Which allergy medicine is right for you?

Which allergy medicine is right for you?

When that itchy eye, sneezing, throat-clearing feeling returns and you find yourself at the Walgreen’s allergy medicine aisle, the number of options can stop you in your tracks. From antihistamines to nasal sprays to decongestants, it can be overwhelming to decide what to purchase, and most importantly, what will ease your symptoms.

But first, are you experiencing allergies? If so, you’re not alone, as the Asthma and Allergy Foundation of America estimates that more than 50 million Americans have experienced various types of allergies each year. Dr. Maaria Syed from Advocate Medical Group in Aurora and Batavia, Illinois, shared some common allergy symptoms to look out for including itching, congestion and sneezing.

“Sometimes it’s the eyes, roof of your mouth, or nose, that feels itchy,” Syed said.

If you’re suffering from seasonal allergies, or allergic rhinitis, she recommends starting with an over-the-counter antihistamine. Common brand-name antihistamines include Claritin, Zyrtec, Allegra and Xyzal.

But why so many choices? “Antihistamines are like iPhones. There are different generations or upgraded versions. An antihistamine like fexofenadine (Allegra), cetirizine (Zyrtec) or levocetirizine (Xyzal) are going to last longer and with less side effects (dry mouth, fatigue) as compared to their predecessors like Benadryl,” Syed said.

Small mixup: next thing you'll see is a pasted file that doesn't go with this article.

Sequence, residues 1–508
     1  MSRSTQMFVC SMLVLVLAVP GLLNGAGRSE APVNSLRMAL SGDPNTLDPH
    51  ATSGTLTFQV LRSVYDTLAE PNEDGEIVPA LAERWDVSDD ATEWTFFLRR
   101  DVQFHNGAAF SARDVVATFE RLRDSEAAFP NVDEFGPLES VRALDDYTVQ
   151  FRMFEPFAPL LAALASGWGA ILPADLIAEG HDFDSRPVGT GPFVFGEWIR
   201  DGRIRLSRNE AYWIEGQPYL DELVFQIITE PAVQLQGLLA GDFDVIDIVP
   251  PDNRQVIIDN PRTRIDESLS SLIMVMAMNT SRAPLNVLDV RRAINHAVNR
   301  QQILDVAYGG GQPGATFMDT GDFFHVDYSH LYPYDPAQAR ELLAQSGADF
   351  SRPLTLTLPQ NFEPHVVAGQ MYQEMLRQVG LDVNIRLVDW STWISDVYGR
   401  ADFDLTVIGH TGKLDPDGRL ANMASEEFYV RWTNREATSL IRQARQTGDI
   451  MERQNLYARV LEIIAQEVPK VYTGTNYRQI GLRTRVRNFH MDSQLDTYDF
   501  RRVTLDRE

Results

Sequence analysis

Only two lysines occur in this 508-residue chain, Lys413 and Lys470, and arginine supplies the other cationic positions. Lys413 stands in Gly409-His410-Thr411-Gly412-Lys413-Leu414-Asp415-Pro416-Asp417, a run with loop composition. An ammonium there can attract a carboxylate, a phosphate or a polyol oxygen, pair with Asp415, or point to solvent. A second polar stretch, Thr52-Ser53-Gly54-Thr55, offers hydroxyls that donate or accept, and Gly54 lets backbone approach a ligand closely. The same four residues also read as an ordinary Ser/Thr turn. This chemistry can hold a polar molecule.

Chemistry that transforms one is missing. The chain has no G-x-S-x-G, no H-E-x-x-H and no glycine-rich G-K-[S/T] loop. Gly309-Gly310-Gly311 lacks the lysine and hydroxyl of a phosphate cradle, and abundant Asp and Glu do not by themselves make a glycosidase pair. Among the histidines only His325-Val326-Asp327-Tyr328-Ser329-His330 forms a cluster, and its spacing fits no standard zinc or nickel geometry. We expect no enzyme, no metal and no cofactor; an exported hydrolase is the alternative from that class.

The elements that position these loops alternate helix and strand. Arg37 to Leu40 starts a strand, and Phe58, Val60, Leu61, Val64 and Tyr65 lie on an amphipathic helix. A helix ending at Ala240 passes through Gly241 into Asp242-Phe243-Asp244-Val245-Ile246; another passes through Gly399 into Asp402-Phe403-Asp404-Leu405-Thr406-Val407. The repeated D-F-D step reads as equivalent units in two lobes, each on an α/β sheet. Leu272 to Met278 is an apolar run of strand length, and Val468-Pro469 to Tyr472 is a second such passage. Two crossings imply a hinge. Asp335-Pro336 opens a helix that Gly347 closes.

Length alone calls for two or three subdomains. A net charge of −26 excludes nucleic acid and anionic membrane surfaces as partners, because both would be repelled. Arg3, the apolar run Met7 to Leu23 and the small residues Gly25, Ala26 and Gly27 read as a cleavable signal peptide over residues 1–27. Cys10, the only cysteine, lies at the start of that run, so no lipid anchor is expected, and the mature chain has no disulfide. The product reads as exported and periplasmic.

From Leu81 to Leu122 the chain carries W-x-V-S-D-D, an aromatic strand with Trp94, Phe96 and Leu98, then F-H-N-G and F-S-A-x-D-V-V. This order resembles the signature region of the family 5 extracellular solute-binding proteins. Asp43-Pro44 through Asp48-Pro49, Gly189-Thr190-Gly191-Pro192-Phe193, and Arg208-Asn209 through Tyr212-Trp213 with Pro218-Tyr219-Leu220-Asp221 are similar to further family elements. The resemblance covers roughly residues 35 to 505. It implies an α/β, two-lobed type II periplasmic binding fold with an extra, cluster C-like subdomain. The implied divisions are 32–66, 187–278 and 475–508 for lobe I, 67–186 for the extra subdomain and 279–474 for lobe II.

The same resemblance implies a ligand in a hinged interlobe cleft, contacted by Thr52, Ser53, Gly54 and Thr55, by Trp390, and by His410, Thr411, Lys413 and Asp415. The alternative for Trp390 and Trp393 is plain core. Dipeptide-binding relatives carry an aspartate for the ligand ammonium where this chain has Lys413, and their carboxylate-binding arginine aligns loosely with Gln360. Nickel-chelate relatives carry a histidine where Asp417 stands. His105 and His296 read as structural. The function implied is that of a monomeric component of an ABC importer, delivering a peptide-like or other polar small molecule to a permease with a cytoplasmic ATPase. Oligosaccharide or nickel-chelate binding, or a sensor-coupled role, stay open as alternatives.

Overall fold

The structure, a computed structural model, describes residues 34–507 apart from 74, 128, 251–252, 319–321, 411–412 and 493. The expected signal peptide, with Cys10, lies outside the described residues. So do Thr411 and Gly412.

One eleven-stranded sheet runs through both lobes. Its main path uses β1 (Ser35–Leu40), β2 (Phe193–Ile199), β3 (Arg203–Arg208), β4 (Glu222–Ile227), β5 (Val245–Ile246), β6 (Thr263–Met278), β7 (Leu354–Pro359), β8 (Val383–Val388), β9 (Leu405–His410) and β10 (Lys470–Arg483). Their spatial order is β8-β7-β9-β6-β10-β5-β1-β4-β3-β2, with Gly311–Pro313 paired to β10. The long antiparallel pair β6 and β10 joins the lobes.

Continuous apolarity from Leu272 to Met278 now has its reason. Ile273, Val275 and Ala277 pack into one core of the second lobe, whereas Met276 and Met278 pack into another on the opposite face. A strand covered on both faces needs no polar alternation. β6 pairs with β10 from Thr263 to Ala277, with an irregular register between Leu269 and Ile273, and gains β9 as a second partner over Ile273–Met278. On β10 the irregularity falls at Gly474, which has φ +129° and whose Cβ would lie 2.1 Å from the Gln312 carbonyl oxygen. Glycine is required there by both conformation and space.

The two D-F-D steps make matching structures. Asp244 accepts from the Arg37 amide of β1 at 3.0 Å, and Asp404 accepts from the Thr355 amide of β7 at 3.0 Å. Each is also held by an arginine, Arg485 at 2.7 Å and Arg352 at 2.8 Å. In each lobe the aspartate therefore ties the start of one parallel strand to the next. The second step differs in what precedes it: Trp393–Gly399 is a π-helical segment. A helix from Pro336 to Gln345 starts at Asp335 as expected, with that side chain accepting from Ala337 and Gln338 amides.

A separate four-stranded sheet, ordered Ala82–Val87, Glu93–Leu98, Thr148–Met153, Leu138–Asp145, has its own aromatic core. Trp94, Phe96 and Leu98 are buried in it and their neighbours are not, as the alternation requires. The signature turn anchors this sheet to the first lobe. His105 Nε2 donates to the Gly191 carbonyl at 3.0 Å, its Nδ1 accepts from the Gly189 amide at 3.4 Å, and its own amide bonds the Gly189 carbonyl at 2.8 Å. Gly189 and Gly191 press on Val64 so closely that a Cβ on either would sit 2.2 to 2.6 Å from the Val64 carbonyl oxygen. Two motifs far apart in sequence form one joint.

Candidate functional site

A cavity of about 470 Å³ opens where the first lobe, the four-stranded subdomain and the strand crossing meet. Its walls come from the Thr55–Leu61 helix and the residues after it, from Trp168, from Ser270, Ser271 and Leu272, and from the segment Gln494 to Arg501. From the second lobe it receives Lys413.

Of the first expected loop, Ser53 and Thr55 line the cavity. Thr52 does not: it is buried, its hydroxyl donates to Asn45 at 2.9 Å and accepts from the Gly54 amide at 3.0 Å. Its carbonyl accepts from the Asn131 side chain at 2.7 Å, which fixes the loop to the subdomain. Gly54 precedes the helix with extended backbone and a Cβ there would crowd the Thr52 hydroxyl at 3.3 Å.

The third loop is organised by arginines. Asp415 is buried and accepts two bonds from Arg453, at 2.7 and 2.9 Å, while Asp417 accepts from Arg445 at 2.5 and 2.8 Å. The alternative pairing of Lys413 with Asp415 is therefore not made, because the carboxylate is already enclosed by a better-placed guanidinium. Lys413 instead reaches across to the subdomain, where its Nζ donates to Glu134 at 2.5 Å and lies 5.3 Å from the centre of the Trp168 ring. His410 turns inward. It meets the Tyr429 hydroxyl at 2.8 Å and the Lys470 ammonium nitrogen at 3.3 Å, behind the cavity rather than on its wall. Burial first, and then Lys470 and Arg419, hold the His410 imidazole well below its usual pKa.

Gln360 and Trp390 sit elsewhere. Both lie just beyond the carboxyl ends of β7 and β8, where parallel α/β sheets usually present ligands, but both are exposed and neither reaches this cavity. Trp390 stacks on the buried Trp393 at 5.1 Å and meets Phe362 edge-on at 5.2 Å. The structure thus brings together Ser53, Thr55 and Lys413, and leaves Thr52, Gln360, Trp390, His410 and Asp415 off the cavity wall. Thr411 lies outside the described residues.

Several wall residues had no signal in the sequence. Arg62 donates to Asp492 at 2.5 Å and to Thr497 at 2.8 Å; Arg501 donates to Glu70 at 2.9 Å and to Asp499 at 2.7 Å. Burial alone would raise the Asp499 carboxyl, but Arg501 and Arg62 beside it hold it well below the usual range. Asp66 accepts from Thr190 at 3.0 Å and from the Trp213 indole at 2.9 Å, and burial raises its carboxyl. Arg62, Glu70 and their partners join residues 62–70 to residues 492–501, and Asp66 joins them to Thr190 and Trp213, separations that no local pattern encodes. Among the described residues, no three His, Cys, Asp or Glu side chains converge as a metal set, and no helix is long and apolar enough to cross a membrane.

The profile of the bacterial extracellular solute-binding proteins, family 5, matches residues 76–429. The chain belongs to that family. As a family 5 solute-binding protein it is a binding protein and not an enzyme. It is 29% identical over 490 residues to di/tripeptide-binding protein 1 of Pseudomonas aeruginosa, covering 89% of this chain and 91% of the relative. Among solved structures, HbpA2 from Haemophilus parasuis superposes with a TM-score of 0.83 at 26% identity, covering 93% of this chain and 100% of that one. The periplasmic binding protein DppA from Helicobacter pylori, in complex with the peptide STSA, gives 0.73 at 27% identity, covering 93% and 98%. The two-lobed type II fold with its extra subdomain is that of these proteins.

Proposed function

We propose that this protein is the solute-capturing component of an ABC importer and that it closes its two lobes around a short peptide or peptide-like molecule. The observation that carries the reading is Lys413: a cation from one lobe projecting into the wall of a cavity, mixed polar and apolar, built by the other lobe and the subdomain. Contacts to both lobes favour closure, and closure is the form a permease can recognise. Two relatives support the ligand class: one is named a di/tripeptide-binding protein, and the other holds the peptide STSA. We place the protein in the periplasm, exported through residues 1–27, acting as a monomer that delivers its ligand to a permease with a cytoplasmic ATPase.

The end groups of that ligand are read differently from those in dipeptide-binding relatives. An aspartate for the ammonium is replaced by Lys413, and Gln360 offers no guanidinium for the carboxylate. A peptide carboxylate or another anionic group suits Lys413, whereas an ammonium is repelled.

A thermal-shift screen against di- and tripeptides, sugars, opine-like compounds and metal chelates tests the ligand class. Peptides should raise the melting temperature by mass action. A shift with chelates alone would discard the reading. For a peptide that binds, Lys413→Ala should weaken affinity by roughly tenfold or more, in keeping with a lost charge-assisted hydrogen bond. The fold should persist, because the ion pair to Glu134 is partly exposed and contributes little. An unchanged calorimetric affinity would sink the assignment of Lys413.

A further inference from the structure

Historically, so many Americans have needed these types of medications, so through the years refined and improved versions have hit the market, she shared.

Syed recommended monitoring for fatigue when you start a new antihistamine. “Pick a day when it would be safe to be sleepy – just in case,” she said.

If you’re taking an over-the-counter antihistamine and still experiencing symptoms, there are other options and steps you can take. First, contact your healthcare provider to see if any prescription medication or allergy testing is needing.

Nasal sprays, such as Flonase, are low-dose steroids so they are safe for long-term use, Syed said. She recommends speaking with a doctor before using, as it’s helpful to know what you’re allergic to and how long to take it. She also recommends contacting your healthcare provider if you need to use allergy eyedrops.

Decongestants like Afrin or Sudafed should be avoided unless they are under the direction of your healthcare provider, Syed said.

“These medications can help temporarily but typically should not be used for longer than a few days. They can have cardiac side effects so always check with your doctor ahead of time,” she said.

If you suspect you have year-round allergies, look out for other less-obvious symptoms like snoring, dark under-eye circles and frequent sinus infections, which could be a sign that you’re allergic to something you’re consistent exposed to, Syed said. “Allergy testing can help to determine if allergies can be the underlying cause.”

Finally, if you’ve exhausted your options, Syed said allergy shots or allergy immunotherapy are great options for patients who don’t want to be on long-term medication or do not respond well to it. Note that these take years to complete but for most patients, they can work very well to resolve symptoms, Syed said.

Need to schedule a visit with an allergist or immunologist? They can help you determine what medication or treatment is right for you.  Look here if you live in IllinoisLook here if you live in Wisconsin.

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About the Author

Anna Schapiro
Anna Schapiro

Anna Schapiro is a public affairs coordinator at Advocate Health Care and Aurora Health Care. She has a background in public relations and communications and studied journalism at Northwestern University. When she’s not working on internal communications for the organization, she enjoys cooking, reading and living in Chicago.